ANC must lead on chiefs’ bill

2012-06-23 13:37

It is high time the ANC provides leadership on the place, status, function and powers of the institution of traditional leadership in the lives of the people of South Africa.

I make this call not because the people whose interests are affected by the conduct of traditional leaders do not know the role of these leaders.

It is occasioned by the fact that a few within the high echelons of civil and political society are making distorted allegations that insult not only traditional leaders but traditional communities themselves.

These self-appointed champions of rural women and children’s rights spew out invectives at the institution of traditional leadership, accusing it of being an entity that tramples upon the rights of women and children, labelling it as backward, patriarchal, sexist, greedy, anti-democratic, longing for the apartheid past and generally being a nuisance that adds no value to the lives of the people it is supposed to lead.

This unwarranted assault on the one remaining truly African institution in post-colonial,
post-apartheid South Africa can no longer be tolerated. The ANC is positioned to deal with this national issue once and for all.

We call on the ANC to come out with clear and specific policy resolutions on the role, place, status, functions and powers of traditional leaders in its forthcoming policy conference.

Until such a position is taken, ANC leaders and members cannot pretend to make definitive pronouncements on what traditional leaders should or should not do.

The dignified, stoic silence of the general body of the country’s traditional leaders must not be misconstrued as an acceptance of their displacement from the life of the people of their forebears.

A single traditional leader, it must be understood by our detractors and opponents, amasses numbers of persons well above those of the membership of some political organisations.

Significantly, the rural women traditional leaders are supposed to oppress, abuse and disempower are often their greatest supporters.

This is because traditional leaders are the pillars of their communities, the people to whom they appeal for support and security.

Our opponents must not make it necessary for traditional leaders to prove their strength.

If need be, though, they are quite capable of demonstrating their support and, you can be assured, such a demonstration would not be pretty.

We do not want to distract government from its important task of building and developing this new nation.

But we can no longer sit idle when there is continued denigration of what defines us as a people – our cultures, traditions, customs and values – in the name of modernity, constitutionality, democracy and gender rights. These new values should, instead, be used to promote our own original ways.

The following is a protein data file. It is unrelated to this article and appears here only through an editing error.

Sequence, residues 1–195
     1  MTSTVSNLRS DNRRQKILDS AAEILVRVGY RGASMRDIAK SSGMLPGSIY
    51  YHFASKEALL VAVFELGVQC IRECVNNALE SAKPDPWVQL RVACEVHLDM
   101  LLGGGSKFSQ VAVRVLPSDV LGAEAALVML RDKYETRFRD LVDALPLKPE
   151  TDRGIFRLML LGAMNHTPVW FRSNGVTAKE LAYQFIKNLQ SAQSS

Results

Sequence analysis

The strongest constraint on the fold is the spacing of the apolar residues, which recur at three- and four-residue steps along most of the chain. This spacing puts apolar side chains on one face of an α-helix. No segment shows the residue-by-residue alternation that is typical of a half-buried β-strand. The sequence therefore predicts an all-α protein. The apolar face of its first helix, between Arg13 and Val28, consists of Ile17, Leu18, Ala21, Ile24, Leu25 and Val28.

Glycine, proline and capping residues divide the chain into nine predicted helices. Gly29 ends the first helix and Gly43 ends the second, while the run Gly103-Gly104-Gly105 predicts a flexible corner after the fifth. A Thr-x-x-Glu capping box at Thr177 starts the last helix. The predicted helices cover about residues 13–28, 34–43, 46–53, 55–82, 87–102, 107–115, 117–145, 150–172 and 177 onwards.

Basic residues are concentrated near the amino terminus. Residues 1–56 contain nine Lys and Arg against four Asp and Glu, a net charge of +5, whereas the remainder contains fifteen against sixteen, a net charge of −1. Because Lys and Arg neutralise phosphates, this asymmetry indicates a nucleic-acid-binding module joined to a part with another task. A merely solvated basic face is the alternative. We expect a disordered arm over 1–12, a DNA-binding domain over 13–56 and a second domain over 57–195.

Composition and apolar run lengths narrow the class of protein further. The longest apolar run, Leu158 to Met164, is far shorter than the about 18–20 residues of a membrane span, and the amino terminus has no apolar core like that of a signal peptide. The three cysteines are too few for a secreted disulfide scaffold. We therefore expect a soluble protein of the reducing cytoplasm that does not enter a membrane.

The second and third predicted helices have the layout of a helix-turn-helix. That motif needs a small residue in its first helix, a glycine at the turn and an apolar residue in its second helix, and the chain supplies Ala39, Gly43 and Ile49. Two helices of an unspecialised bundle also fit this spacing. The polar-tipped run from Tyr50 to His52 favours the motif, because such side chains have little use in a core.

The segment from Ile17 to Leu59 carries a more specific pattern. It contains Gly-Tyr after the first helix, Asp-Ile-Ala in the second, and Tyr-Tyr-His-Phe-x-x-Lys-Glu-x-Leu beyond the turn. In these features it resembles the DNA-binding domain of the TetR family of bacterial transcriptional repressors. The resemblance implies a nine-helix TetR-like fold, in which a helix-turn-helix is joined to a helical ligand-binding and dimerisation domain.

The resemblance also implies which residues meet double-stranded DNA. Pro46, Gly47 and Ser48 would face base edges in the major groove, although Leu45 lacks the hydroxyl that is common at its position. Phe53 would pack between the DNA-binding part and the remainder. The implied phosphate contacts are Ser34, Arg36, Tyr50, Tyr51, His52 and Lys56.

We have long accepted that culture and traditions are dynamic and open to change.

We accept that their strength and relevance depend on their ability to adjust themselves to changing conditions.

It is for this reason that over the years, in colonial and apartheid times, some of the cultural practices for which we are insulted have been gradually and systematically discarded or changed.

We continue to have women traditional leaders leading their communities either by promoting the customs of their communities or in their capacity as regents for heirs who may still be incapacitated by age, schooling or other career commitments.

Adjustments are made, while such women lead, to ensure that the imperatives of cultural rituals which demand that men play the leading role are respected without disruption.

The Congress of Traditional Leaders of South Africa has long called for the discontinuation of outmoded cultural practices.

The media never bother to publish such progressive policy positions as they take away the element of sensationalism.

It is the policy of Contralesa that, because of the abuse of the practice of ukuthwala – as a form of initiating a marriage – by certain communities and individuals, it should no longer be followed.

We oppose the entering into marriage relationships of children under the age of 18, even if they consent themselves.

With regards to the cultural practice of ukungena, in terms of which a widow is assigned one of her late husband’s brothers to be her new husband, we have come to accept that the practice is no longer necessary.

Our resolution in this regard is that families must be empowered through government grant schemes so as to be able stand on their own when the husband or father dies.

The education of the girl child is one of the calls we make in our national congresses to advance the development of our African communities.

We have called for an end to initiation practices that amount to female genital mutilation.

We call on all who are concerned about the plight of rural women and children to work with us and stop hurling abuse at traditional leaders.

They will be surprised at how much we can gain as partners rather than as the enemies that they have cast themselves to be. The ANCmust do the right thing and give leadership.

» Holomisa is president of Contralesa and an ANC member of Parliament

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